India's Retail Revolution: Customer experience is the key differentiator

India's Retail Revolution: Customer experience is the key differentiator

Author | exchange4media News Service | Monday, Feb 05,2007 9:42 AM

India's Retail Revolution: Customer experience is the key differentiator

India has been witnessing a boom in the retail sector and the sector is poised for several changes in the future. Addressing various issues of the retail industry, Assocham recently held a day-long summit 'India's Retail Revolution - Managing the change', which saw the participation of several industry leaders.

In the inaugural session, Dr Ajay Dua, Secretary, Department of Industrial Policy and Promotion, raised a few questions the retail boom had thrown for the industry. Primary is the issue of the uncertain future of numerous Mom and Pop stores, which face a threat from organised retail. He also expressed his concern on the escalating real estate prices, which is a necessary component for any retail store.

The inaugural plenary, which discussed 'Retail Boom - The Future Direction', was addressed by Anil K Agarwal, immediate past president, Assocham, while Dilip Modi, Chairman, Retail Committee, Assocham, delivered the keynote. D Raja, Secretary, National Council CPI, delivered the special address.

In the session titled, 'Reinventing Retail', Harish Bijoor, CEO, Harish Bijoor Consults Inc, spoke about re-inventing the company and the brand. He said, "The future is about a new subject, which is 'Retail Branding' which needs to be reinvented. The approach required for this is one to one branding unlike mass communication, which mass marketers will never understand. Retail branding is front face branding and mass customised branding."

Emphasising on building positive customer experience, Jeffrey Markley, Partner, Simitri Group International, said, "The focus should be to earn profit made on customer and not through sale. Customer experience should not be shortchanged for anything and the aim should be to that of giving an experience of fine dining where both processes and people work and work very well for the customers leaving a sense of satisfaction as well as a smile on their face."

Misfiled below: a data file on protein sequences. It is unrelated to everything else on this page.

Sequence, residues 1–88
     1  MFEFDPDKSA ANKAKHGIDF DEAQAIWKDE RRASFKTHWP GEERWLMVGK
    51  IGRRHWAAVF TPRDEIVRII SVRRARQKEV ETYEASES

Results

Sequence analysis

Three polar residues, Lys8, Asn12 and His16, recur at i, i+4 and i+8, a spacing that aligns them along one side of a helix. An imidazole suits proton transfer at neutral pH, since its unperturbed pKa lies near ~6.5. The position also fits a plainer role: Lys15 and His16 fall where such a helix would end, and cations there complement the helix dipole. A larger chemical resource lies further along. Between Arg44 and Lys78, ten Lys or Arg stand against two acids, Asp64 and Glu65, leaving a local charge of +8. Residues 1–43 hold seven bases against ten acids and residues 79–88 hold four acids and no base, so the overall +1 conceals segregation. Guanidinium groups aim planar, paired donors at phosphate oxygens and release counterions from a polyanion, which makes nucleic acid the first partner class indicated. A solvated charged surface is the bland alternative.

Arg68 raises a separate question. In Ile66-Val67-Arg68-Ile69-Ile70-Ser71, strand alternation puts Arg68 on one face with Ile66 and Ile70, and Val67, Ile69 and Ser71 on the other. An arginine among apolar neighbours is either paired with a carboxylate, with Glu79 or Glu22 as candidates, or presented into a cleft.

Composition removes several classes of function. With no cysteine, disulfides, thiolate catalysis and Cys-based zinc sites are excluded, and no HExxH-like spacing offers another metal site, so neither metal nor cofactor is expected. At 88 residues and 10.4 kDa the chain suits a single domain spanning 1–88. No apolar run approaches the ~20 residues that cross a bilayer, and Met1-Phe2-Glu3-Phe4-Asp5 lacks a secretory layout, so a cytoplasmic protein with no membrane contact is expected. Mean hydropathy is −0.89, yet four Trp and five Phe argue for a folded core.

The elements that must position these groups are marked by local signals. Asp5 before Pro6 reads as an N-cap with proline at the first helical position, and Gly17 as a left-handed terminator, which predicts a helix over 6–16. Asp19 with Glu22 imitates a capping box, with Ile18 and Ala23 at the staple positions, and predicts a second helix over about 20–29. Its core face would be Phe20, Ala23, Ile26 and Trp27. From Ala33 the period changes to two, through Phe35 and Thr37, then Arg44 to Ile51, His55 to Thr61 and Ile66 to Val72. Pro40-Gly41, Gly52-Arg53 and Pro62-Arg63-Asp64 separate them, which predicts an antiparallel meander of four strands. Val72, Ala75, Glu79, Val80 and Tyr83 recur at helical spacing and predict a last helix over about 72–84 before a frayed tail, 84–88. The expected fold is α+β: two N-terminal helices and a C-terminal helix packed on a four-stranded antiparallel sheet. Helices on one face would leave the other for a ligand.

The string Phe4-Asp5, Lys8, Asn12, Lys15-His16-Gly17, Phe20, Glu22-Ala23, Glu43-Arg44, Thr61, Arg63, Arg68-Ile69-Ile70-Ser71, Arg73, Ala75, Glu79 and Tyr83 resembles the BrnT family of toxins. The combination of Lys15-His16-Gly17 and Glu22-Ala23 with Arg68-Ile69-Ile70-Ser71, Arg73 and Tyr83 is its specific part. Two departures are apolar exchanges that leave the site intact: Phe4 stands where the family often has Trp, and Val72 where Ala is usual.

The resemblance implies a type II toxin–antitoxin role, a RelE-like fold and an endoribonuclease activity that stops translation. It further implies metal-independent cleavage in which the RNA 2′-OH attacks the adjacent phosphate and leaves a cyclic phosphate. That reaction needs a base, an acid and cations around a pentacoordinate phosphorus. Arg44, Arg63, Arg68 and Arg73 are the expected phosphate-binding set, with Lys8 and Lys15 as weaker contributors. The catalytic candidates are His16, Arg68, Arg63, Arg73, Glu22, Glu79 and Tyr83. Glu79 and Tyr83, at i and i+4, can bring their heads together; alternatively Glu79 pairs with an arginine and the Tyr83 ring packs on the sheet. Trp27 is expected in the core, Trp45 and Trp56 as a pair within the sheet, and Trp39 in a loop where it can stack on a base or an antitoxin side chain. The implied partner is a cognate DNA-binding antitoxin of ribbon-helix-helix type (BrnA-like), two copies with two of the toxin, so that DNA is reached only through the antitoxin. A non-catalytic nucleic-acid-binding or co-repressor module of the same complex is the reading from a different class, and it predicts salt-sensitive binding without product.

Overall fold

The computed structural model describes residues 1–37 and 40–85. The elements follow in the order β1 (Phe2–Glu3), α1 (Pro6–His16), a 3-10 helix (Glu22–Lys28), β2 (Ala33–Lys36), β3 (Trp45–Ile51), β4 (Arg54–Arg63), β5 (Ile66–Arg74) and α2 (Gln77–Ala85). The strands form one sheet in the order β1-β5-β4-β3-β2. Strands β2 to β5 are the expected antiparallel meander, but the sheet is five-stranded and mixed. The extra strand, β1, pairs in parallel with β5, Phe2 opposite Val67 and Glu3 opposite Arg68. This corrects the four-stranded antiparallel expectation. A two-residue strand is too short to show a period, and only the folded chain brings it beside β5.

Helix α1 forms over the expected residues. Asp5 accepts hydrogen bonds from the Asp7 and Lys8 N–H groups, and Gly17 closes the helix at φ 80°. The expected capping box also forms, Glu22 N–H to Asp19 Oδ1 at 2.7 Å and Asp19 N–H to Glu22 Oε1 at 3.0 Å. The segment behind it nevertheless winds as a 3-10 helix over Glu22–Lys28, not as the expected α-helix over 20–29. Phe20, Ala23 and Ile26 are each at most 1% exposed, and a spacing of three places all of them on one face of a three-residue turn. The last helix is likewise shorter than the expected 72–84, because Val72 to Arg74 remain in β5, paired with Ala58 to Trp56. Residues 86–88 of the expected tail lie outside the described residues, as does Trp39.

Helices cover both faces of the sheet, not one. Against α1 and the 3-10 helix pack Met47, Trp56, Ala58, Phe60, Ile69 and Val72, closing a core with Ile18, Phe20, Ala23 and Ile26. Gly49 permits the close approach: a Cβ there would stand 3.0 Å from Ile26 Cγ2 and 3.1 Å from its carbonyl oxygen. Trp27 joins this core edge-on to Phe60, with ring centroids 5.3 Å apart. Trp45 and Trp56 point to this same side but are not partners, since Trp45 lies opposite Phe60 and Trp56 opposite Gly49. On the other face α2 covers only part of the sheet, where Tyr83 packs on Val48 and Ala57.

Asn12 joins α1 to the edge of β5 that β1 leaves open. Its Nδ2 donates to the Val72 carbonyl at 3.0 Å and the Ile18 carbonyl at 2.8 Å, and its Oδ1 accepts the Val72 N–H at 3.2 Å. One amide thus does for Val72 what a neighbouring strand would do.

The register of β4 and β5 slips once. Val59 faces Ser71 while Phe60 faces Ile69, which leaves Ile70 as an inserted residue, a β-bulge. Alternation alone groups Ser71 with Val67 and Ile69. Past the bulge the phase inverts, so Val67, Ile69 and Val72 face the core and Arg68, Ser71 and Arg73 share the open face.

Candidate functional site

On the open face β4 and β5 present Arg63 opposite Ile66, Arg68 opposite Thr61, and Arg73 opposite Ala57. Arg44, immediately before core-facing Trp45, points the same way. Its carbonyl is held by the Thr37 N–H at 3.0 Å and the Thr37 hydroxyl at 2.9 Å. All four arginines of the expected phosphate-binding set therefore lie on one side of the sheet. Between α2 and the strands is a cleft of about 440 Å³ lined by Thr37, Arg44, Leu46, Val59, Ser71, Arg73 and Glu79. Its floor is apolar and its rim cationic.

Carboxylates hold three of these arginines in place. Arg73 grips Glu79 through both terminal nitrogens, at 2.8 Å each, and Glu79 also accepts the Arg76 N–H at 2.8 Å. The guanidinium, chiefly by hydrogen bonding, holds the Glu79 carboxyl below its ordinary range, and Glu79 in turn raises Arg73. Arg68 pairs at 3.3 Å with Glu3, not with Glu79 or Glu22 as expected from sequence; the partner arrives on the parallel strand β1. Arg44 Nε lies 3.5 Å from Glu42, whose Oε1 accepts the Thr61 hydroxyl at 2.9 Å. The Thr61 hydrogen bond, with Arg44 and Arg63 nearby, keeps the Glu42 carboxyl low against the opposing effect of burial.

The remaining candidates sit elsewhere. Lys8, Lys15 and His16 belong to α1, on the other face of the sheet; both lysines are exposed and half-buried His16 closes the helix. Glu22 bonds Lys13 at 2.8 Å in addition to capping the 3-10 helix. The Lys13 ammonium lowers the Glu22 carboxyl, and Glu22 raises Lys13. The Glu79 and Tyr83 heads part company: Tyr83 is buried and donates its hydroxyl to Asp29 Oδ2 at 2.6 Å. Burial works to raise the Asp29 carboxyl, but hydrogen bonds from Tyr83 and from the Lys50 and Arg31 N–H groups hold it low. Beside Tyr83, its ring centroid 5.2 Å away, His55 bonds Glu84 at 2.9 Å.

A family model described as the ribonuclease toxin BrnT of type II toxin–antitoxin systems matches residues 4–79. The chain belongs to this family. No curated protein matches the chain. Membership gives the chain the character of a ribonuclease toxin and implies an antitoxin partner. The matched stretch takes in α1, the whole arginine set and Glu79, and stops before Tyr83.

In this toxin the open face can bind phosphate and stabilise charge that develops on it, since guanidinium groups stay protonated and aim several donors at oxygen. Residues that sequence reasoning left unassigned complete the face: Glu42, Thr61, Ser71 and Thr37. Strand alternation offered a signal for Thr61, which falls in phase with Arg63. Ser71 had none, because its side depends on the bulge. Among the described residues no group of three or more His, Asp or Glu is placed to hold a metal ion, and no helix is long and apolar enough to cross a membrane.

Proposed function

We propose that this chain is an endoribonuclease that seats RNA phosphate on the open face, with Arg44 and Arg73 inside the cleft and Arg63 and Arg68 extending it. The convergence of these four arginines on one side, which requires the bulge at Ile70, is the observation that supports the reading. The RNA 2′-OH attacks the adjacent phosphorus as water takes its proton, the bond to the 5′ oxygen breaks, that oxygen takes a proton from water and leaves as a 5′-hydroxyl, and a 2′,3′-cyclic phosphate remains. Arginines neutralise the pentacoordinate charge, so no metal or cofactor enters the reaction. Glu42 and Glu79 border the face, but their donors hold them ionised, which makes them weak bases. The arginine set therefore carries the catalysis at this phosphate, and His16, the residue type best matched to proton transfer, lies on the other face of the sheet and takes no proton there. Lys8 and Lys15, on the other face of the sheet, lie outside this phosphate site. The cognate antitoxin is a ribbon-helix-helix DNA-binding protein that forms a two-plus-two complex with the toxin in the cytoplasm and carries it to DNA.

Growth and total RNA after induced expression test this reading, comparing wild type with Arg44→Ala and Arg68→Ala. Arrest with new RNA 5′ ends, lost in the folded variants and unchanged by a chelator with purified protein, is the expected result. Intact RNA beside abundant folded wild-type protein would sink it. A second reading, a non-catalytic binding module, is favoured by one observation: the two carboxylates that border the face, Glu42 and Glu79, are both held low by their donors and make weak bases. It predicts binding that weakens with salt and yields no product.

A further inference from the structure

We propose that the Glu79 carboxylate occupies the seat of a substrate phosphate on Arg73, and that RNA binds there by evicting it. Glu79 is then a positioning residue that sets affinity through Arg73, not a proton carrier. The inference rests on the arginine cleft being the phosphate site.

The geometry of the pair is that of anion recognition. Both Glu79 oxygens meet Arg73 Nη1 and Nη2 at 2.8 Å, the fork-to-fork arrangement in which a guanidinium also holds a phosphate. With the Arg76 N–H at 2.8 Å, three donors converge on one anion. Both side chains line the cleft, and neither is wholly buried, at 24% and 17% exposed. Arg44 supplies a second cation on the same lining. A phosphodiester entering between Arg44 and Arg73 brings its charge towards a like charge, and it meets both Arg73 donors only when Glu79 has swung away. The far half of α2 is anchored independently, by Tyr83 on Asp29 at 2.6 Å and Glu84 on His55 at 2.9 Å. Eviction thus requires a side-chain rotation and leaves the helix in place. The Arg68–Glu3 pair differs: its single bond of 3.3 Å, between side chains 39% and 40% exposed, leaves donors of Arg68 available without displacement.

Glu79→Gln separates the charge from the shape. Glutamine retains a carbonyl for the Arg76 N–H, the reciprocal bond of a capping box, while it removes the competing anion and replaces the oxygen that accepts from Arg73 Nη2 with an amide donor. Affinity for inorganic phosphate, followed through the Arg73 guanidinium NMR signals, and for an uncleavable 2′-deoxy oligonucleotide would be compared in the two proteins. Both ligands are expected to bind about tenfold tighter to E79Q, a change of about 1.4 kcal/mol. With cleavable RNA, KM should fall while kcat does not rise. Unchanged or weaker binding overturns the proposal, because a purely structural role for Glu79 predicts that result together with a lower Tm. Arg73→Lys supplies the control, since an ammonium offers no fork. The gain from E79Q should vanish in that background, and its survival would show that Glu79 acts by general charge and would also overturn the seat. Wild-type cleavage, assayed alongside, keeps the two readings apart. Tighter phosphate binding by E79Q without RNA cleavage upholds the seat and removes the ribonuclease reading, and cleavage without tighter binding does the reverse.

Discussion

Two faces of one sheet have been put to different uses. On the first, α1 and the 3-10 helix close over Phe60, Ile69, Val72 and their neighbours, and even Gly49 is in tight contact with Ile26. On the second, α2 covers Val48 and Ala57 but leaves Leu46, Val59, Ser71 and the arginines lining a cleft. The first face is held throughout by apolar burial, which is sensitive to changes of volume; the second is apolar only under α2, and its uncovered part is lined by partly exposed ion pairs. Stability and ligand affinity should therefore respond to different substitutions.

Taking forward Markley's point of providing customer experience, Vijay Kohli, Senior VP and Head of Enterprise Business Unit, NIS Sparta Ltd, brought to fore the issue of training people. He said, "This year, it is estimated that organised retail will grow somewhere between 37 per cent and 40 per cent. If that is the scenario, one has to be equipped with human resources who are key differentiators of products and processes. The need of the hour is to build talent who actually communicate the brand."

If attracting and grooming talent is an issue, Sanjiv Duggal, CEO, Bharti Comtel Ltd, gave a solution to bridge the gap between people projection and supply chain. He said, "One of the ways to combat this issue is to come up with a strategic response. It could probably be done through setting up a chain of education centres."

The summit also looked at various challenges and opportunities in retail as well as put forth a strategic approach to retail.

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